The comparator 652 may be used to condition the time signal frequency for measurement by other digital logic (not shown). A differential digital logic level clock signal 680 is available for that purpose.
The data comparator 656 preferably works most efficiently over a defined range of input signal levels. In this regard, output 678 of the low signal strength comparator 658 will be at a high logic level whenever the analog time signal envelope information (node 672) is above a certain low voltage level, and the output 674 of the high signal strength comparator 654 will be at a low logic level whenever the analog time signal envelope information (node 672) is below a certain high voltage level. If the analog time signal envelope information (node 672) is not between the certain low voltage level and the certain high voltage level, the logic information from the high signal output 674 and the low signal output 678 may be used by the digital processor 310 to change the gain of the VGA 304 and/or the antenna tuning and Q-control unit 302 (
The digital processor 310 may also adjust the center frequency (Fc) of the high-Q state variable bandpass filter 306 based upon the logic levels of the outputs 678 and 674, the frequency from the differential outputs 680 and/or the time signal information from output 676. The digital processor 310 may auto-correlate the time signal information from the output 676 for tuning of the high-Q state variable bandpass filter 306. The auto-correlation of the demodulated time information may be performed by digitally cross-correlating the demodulated time information and a known time information. The digital processor 310 may also adjust the Q of the high-Q state variable bandpass filter 306 based upon the high and low signal strengths of the outputs 674 and 678, respectively, and auto-correlation of the data information from the output 676. Increased Q will result in a narrower bandwidth of the high-Q state variable bandpass filter 306 and improved reception of the time signal.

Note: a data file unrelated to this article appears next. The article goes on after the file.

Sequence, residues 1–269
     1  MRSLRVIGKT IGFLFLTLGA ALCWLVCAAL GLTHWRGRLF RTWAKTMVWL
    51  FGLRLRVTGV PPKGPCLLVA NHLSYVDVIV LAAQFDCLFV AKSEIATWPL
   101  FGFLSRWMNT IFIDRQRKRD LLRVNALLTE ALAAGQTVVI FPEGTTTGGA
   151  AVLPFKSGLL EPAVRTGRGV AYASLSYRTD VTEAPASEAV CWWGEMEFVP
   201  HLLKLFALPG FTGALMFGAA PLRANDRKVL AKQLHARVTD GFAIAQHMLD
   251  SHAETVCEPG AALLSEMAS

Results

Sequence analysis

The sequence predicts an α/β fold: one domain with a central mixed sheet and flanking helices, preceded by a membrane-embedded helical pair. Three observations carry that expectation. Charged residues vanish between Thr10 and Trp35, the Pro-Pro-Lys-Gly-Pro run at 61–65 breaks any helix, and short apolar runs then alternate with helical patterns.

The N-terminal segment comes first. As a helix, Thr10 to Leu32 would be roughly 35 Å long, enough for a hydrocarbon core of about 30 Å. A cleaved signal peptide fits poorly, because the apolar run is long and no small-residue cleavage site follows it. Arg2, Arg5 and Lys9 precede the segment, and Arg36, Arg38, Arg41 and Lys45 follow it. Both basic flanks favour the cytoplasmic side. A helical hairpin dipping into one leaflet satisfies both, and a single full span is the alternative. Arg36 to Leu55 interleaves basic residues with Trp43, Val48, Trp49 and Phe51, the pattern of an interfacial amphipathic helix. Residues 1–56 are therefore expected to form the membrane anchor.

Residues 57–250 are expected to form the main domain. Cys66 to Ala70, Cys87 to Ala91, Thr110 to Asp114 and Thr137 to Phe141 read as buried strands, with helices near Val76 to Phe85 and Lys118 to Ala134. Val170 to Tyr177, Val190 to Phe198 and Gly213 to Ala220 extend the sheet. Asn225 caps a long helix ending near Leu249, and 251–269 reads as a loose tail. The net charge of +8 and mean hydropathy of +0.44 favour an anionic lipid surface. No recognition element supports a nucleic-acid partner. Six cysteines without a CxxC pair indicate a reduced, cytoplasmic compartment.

The anti-notch filter circuit 220 may be configured as a tuned radio frequency (TRF) receiver, in combination with appropriate information detection circuits and decoding logic, e.g., demodulator 106 and decoder 108. The anti-notch filter circuit depicted in
The anti-notch filter circuit 220 may also be used as a high Q resonator when resistor 710>6(resistor 718 a+resistor 718 b). In the transition region before this resonance region, higher gains may be obtained than the normal open loop gain of the amplifier 704. In addition, very high Q is also achieved. The circuit disclosed herein is well suited for fabrication in an integrated circuit. Parasitic effects may be cancelled by adjusting one of the capacitors 712, 714 or 716, or resistor 720, 708 or 722. The circuit implementation illustrated in
The invention, therefore, is well adapted to carry out the objects and attain the ends and advantages mentioned, as well as others inherent therein. While the invention has been depicted, described, and is defined by reference to exemplary embodiments of the invention, such a reference does not imply a limitation on the invention, and no such limitation is to be inferred. The invention is capable of considerable modification, alternation, and equivalents in form and function, as will occur to those ordinarily skilled in the pertinent arts and having the benefit of this disclosure. The depicted and described embodiments of the invention are exemplary only, and are not exhaustive of the scope of the invention. Consequently, the invention is intended to be limited only by the spirit and scope of the appended claims, giving full cognizance to equivalents in all respects.